By: Leo Shane III, May 14, 2017
WASHINGTON — Nearly four months into his presidency, Donald Trump’s White House has not set up a promised hotline for veterans’ complaints that he vowed would speed up reforms at the Department of Veterans Affairs.
The idea was part of candidate Trump’s 10-point plan to help veterans unveiled last July. Most of the other promises are also unfulfilled, although several will require cooperation from Congress regarding additional funding or new legal authorities.
But the hotline, which Trump promised would be “devoted to answering veterans’ complaints of wrongdoing at the VA and ensure no complaints fall through the cracks,” was largely assumed to be within the new president’s executive office powers and budget.
White House officials said they have no updates on when or whether the hotline will be established. VA officials did not respond to requests seeking comment on the idea.
On the campaign trail, Trump pledged the hotline would be “active 24 hours a day and answered by a real person,” and even suggested that he would answer it himself if the opportunity arose.
“This could keep me very busy at night, folks,” he told a crowd of supporters during a July 26 rally last summer. “This will take the place of Twitter.”
The idea was part of a larger theme by the Trump campaign of widespread problems at the Department of Veterans Affairs, which has faced accusations of failing to address concerns about long wait times for medical appointments and lax oversight of employees in recent years.
The 10-point VA plan was recently removed from Trump’s campaign website along with a host of other documents from last summer and fall. Trump’s re-election campaign said the changes were made to help better inform the public with “fact-based information” on Trump’s accomplishments, in preparation for the 2020 campaign.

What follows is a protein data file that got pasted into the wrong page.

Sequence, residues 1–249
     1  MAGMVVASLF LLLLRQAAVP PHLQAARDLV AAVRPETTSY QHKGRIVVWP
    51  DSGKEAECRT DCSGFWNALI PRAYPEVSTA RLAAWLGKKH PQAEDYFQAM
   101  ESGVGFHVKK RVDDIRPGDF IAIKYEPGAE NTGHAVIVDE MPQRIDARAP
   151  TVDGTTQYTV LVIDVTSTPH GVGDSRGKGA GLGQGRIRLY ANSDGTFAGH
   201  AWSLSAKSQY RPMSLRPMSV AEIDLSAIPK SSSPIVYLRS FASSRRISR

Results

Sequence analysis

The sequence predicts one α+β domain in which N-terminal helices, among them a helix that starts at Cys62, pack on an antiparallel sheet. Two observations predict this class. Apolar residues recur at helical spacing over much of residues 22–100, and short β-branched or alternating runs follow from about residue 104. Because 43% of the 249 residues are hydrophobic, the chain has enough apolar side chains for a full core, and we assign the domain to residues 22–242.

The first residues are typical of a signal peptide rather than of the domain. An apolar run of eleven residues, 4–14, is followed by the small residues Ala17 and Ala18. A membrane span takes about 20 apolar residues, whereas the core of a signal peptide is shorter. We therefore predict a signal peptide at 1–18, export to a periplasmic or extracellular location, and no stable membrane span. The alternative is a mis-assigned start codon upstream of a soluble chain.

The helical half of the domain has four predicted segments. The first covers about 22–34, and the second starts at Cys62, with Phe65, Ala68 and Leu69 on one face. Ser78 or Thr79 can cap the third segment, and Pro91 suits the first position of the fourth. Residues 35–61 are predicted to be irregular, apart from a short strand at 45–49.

The president has not made any direct reference to the plan since taking office in January, but has echoed several of the promises.
Two of the plan’s points referred to punishing VA employees for incompetence or criminal activity. Last month, Trump signed an executive order establishing a new accountability office within the department, with the charge of determining what new laws need to be adopted to meet those goals.
Trump also pledged to create a commission “to investigate all the fraud, cover-ups, and wrongdoing that has taken place in the VA.” No such commission has yet been announced.
Last week, House and Senate lawmakers announced a compromise on new accountability legislation for department staffers that includes the ability to revoke specialty pays. That deal was reached without direct collaboration with the White House but following Trump’s general parameters.
Trump also promised to “ensure every veteran has the choice to seek care at the VA or at a private service provider” and that “under a Trump Administration, no veteran will die waiting for service.”
VA Secretary David Shulkin has announced plans for a revamp of the department’s outside care programs, due later this year.
Shulkin’s nomination and confirmation are the only promise in the 10-point plan that appears to have been completed. On the campaign trail, Trump vowed to “appoint a VA Secretary whose sole purpose will be to serve veterans.”
Shulkin, the only high-level holdover from President Barack Obama’s administration, was confirmed 100-0 by the Senate in February, vote tally that Trump frequently cites in public appearances with the Cabinet secretary.